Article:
3)Maintain a healthy diet. A bad diet can impact your emotional state. Be sure to help regulate your blood sugar throughout the day which will keep you much more even keeled. Eating well to help manage anxiety is commonly prescribed by doctors and mental health professionals alike. Lifestyle changes are simple but powerful tools in mitigating anxiety and depression, and are an essential component of an integrated approach to mental health.
4)Connect with others. Just because we are quarantining, it does not mean we cannot make a point to connect with others regularly. Isolation and lack of social connection can lead to anxiety and depression Zoom, Facetime, Skype, etc. are all virtual platforms to be utilized to check in with friends and family.
5)Let go of your need for control. As humans, we tend to want to control over our lives. Coronavirus guidelines are very much OUT of our CONTROL. Meditating, journaling, and starting a mindfulness practice are all ways to develop our ability to cope with this trying time. It is important we learn to manage and accept our lack of control at it relates to this pandemic. Tolerating uncertainty makes you less vulnerable to anxiety. Start easing back on certainty-seeking behaviors in your daily life.
Following these steps to manage your stress can add a sense of normalcy to your life. Maintaining a routine is pivotal. As humans, we thrive when we have structure.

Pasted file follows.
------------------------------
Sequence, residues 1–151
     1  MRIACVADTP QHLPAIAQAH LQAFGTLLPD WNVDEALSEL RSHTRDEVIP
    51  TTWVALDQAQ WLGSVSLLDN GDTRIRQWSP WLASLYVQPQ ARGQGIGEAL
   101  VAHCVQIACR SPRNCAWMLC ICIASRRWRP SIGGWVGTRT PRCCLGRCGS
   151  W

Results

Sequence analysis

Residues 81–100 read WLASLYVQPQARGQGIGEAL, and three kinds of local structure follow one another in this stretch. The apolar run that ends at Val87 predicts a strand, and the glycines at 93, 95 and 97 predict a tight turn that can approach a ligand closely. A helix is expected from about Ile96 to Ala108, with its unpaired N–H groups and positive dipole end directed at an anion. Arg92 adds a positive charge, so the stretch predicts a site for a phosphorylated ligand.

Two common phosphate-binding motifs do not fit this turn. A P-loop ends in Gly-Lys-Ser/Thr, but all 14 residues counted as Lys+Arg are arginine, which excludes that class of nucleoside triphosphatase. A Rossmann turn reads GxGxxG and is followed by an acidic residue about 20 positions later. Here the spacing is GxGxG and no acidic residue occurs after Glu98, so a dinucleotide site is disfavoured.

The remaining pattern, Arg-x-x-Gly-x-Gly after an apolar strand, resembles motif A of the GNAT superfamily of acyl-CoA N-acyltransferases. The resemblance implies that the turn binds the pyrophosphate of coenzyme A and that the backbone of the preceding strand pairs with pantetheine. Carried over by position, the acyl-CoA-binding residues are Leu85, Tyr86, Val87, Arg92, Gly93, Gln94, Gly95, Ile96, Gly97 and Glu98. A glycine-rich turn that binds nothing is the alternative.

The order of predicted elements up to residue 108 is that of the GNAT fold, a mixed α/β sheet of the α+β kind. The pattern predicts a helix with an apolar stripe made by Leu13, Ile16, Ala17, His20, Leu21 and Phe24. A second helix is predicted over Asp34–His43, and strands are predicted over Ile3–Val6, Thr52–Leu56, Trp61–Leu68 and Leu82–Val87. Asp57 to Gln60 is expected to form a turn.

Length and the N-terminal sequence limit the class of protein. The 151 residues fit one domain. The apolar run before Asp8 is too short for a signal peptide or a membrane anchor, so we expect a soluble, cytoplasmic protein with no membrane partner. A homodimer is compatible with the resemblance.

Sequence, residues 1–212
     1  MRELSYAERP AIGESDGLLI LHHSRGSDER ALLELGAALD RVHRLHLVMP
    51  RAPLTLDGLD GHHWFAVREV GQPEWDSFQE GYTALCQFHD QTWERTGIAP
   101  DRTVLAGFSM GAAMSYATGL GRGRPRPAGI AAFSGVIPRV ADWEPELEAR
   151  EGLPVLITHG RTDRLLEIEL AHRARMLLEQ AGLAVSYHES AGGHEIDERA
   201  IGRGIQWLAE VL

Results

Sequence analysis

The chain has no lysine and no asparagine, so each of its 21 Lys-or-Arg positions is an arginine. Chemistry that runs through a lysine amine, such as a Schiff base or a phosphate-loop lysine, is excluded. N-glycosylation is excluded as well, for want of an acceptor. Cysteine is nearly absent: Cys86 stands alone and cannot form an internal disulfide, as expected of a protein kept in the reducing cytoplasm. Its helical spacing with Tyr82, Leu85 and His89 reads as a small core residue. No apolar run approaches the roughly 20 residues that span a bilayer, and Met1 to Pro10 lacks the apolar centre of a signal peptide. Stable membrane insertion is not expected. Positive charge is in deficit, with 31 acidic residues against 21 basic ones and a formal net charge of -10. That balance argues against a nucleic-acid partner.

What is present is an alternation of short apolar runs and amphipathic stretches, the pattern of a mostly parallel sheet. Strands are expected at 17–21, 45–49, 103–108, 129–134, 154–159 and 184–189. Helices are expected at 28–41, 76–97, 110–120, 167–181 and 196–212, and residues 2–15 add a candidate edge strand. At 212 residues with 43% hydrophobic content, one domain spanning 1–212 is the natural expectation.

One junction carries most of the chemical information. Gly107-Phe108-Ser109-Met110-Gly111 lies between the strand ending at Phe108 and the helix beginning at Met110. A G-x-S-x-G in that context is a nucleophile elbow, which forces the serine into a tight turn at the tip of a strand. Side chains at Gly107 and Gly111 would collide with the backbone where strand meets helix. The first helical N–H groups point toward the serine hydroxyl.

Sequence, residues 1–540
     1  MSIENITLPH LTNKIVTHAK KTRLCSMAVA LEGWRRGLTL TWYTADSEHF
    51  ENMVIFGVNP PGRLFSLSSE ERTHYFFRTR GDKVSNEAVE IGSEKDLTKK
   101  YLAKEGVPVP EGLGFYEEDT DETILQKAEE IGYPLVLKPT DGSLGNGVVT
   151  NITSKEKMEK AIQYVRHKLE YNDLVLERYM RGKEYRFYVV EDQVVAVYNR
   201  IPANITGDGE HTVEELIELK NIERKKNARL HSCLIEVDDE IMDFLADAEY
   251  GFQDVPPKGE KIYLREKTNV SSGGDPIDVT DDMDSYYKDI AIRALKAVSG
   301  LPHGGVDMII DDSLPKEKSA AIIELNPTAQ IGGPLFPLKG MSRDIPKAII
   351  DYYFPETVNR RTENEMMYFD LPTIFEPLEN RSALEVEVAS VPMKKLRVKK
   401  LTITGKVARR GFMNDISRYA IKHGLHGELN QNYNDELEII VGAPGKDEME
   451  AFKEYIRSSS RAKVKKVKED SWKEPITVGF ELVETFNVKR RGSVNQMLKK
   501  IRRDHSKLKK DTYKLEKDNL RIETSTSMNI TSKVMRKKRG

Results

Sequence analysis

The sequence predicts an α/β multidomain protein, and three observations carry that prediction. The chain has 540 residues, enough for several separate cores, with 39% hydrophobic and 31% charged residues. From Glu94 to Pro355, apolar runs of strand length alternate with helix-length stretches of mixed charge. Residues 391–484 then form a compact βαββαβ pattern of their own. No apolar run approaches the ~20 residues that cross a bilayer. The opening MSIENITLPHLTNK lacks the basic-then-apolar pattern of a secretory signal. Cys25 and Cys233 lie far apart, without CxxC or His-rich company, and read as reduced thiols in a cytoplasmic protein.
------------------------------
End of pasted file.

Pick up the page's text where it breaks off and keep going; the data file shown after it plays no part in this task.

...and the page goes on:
In addition, anxiety tends to rise proportionally to how much one tries to get rid of it. I always loved how Carl Jung said, “What you resist, persists.” People try to distract themselves by eating, drinking, self-medicating, or binge watching tv more than usual. They may seek out reassurance on the internet or from loved ones. Other people obsessively check news streams, hoping to calm their fears and seek answers to their questions. While these behaviors can help in the short term, they can make anxiety worse in the long term.
Allow your anxious feelings, thought, and physical sensations to wash over you, accepting that anxiety is a part of the human experience. We are all in this together. Often health threats can trigger this existential fear we all have within us of our own mortality. Take a moment to step back and remind yourself that you are more resilient that you think.
If you are not able to manage your anxiety or depression on your own, please know help is available. If you find you are struggling to maintain close relationships, take care of yourself or others, or that your anxiety is interfering with your daily responsibilities, you might want to get professional help from your doctor or a mental health professional. If you are feeling helpless during this stressful time, it may be time to speak with someone. As a counselor, I am providing tele-health sessions, as are many other providers. It is important to take care of yourself and others around you during this unprecedented time.

If you are struggling to cope during this time and would like to schedule a counseling session with me (***tele-health sessions ARE being covered by insurance**):

Erin Doyle Theodorou, M.Ed, LPC, NCC

Anew Counseling Services LLC

617 Oradell Avenue, Suite 3, Oradell, New Jersey, 07649

(551) 795-3822